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The Agile Law Firm: a book review

by Chris Marston | October 19, 2021
by Chris Marston, chief executive of LawNet


Some lawyers may have seen job adverts seeking a ‘Six Sigma Black Belt’, or a ‘scrum master’, with expertise in Lean and Agile. Perhaps even an experienced Kanban practitioner. What’s this all about? What on earth do these people do, in these recently made-up roles? Businesses seemed to cope for years without needing people carrying these strange cultish job titles – surely another passing fad.

Very few of these job adverts will have been from law firms. And thank goodness for that! The legal profession doesn’t get involved with temporary infatuations like this, and lawyers are artists, not engineers, after all. Lawyers solve problems for clients by applying their intellect and knowledge to the issue and finding a resolution. Sometimes that can take a long time. Every case is unique. Let’s leave all this management-speak to car manufacturers where it belongs.

In his new book The Agile Law Firm, published by Globe Law and Business, Chris Bull argues that law firms should engage with the Agile philosophy, not least because that’s what corporate clients want them to do. He asserts that by embracing Agile Principles, law firms can delight their clients, win more and better work, achieve better financial outcomes, build, and maintain competitive advantage.

It is clear that the book is informed by the author’s observations from his interactions with larger law firms – and for context I mean really large. In England & Wales terms, the top half of the top 1%. So, I began reading this book with a degree of scepticism about how the messages might translate into the world that members of LawNet inhabit. Firms of SME size, based largely in county towns and market towns throughout the UK & Ireland. Firms who don’t, as a rule, have much to do with General Counsel in large corporates. Firms serving private individuals and SME businesses in their local and chosen markets.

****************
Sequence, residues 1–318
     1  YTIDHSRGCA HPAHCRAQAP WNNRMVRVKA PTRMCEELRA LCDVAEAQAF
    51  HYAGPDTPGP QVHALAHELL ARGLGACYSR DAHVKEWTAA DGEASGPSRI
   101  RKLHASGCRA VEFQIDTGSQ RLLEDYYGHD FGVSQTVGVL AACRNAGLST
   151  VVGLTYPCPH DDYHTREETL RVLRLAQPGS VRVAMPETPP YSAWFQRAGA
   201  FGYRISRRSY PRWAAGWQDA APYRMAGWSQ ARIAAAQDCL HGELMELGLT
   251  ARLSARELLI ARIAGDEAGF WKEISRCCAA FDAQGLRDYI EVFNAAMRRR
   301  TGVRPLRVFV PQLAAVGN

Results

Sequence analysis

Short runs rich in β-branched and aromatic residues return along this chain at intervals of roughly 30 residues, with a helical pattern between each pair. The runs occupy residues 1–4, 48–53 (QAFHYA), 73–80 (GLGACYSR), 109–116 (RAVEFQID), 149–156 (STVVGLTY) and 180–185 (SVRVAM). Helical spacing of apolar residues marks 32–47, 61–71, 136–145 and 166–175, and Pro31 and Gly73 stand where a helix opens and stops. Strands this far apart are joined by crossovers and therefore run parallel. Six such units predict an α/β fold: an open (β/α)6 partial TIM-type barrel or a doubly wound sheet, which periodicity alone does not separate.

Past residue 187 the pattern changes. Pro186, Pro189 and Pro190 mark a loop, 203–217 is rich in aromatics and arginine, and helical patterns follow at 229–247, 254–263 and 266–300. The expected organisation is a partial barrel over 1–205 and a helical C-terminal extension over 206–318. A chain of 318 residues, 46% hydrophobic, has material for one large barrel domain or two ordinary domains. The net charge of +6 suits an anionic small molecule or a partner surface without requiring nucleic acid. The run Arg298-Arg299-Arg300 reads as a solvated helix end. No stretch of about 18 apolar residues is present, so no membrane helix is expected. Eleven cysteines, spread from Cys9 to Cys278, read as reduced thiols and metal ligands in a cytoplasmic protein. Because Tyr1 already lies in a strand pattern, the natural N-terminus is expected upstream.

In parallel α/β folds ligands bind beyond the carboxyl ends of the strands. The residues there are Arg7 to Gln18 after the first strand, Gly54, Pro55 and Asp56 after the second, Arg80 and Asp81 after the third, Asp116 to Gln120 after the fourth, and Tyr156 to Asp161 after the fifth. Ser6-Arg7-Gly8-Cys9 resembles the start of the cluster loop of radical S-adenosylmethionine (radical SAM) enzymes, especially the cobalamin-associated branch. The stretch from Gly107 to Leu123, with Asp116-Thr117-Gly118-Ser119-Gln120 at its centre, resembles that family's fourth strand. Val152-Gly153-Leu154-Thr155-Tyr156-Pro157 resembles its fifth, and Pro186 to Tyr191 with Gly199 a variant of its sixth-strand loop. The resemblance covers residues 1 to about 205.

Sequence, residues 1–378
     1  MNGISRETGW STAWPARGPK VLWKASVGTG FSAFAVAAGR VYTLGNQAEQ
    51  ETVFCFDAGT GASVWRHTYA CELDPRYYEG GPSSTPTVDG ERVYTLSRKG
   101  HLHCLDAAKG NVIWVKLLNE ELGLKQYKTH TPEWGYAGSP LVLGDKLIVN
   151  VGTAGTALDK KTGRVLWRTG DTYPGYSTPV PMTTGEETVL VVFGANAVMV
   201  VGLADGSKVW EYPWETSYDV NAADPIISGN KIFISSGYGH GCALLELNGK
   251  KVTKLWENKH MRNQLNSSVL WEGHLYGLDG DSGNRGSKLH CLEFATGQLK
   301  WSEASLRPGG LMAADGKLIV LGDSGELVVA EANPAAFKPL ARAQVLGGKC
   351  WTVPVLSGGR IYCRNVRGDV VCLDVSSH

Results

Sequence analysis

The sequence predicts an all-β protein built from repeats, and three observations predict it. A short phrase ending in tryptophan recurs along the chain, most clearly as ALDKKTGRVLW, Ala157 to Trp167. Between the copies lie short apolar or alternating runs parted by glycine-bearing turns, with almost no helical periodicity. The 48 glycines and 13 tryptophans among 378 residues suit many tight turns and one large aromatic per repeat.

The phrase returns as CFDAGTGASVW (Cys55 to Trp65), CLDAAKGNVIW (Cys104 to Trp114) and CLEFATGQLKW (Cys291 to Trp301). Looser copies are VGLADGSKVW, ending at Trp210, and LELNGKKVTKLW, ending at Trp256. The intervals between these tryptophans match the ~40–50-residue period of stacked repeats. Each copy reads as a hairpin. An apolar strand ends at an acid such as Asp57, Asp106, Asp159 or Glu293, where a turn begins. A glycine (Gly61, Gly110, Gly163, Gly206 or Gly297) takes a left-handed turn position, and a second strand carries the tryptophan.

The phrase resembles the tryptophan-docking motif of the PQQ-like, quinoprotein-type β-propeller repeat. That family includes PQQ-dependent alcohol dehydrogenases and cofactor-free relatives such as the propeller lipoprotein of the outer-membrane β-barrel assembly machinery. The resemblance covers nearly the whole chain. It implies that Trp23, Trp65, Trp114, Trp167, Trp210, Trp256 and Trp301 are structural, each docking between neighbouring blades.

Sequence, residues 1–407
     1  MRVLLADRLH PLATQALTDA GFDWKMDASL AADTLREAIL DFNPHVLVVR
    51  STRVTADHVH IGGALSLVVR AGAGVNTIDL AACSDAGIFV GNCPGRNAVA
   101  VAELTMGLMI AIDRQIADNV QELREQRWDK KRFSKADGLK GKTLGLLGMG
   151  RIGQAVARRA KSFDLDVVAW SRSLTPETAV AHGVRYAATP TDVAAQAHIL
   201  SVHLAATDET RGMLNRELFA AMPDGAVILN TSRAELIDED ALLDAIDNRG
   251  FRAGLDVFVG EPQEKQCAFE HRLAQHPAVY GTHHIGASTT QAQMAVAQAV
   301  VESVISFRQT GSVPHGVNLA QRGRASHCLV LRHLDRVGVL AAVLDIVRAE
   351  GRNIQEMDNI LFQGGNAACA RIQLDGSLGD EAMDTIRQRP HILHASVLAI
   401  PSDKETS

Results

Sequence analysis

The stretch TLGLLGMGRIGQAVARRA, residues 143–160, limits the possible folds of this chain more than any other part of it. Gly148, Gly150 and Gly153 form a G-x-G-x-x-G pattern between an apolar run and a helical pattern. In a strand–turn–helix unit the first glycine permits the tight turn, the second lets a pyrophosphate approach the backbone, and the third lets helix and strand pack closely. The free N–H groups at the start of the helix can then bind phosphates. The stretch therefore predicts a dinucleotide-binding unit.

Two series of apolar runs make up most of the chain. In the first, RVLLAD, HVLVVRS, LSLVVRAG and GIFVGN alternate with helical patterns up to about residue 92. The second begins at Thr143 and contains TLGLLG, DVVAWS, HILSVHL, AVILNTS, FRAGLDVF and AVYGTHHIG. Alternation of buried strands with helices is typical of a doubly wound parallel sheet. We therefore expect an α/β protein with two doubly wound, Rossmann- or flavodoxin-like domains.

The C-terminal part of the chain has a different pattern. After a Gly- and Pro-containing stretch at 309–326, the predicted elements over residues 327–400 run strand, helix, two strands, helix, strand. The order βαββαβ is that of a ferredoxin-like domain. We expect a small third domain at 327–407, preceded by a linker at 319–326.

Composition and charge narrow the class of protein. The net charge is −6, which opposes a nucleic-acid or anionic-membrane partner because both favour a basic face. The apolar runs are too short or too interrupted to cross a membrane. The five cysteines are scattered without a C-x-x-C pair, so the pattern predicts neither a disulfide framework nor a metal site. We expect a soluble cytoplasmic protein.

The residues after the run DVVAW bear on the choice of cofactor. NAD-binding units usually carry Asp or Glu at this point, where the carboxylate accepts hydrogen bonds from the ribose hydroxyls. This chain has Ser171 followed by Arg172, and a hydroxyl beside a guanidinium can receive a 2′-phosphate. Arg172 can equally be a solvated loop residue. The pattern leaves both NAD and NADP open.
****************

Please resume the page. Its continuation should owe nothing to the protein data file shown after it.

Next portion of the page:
And yet as I progressed through the book, it became clear to me that the Ten Attributes of an Agile Organisation can – and should – be applied to any business. Clustered around the three key areas of Clients & Service, People & Teams and Strategy & Organisation, these ten attributes represent a virtuous circle of understanding and supporting your customers and your people, and thereby getting better outcomes for that third key stakeholder, the owners of the business. Critical thinking, boldness, reflection, and humility all play a part.

It seems to me that smaller (that is, most) law firms have something to gain by adopting a curious, rather than a dismissive approach to these ideas, and a good starting point is to avoid getting too bogged down in the somewhat eccentric lexicon and nomenclature that accompanies this movement. Rather, they should identify how best the ten Agile attributes could be incorporated into their own business.

In no particular order, I have set out below some of the thoughts and ideas that jumped off the page from my perspective.

  • Innovation doesn’t need to be revolutionary. Just making things simpler is good.
  • Insight is currency. Sector knowledge, understanding the client viewpoint, business performance data - it is all valuable. How do you generate, curate, update key insights that will help you do a better job for clients, and to get the right fee for the job?
  • Have a structure for decision-making. Gut instinct will only take you so far, and not always in the right direction.
  • Build change teams that combine people with different skills, specialisms, life experience and levels of seniority. Make them non-hierarchical and empower them.
  • The job may be a marathon, but you can do it using teams to achieve a series of sprints, either sequentially or concurrently.
  • Always start everything with the customer in mind. Be prepared to fail. Fail fast, reiterate, and try again.
  • Collaboration is powerful. With clients, with other business leaders, with peers. Nobody has a monopoly of good ideas. Chris Bull mentions networks, including LawNet, which can provide a safe space for collaboration.
  • Use Non-executives to help your firm make better decisions. A critical friend from another sector with different experiences and insights. I’m surprised at how few SME law firms do this.
  • Above all else, understand what your purpose is and don’t do anything that doesn’t fit with that. Can everyone in your law firm articulate the firm’s purpose equally clearly?

The challenge for law firms in the £2m-£25m turnover range is that they lack the resources available that larger firms have at their disposal to engage deeply with these concepts, while envying the ability of smaller firms to effect changes with great rapidity. Nonetheless, I would certainly encourage the leadership teams at the firms in our network to consider how well their firm stacks up against the Agile attributes and consider what they can do to introduce them.

The Agile Law Firm, by Chris Bull, is published by Globe Law & Business.

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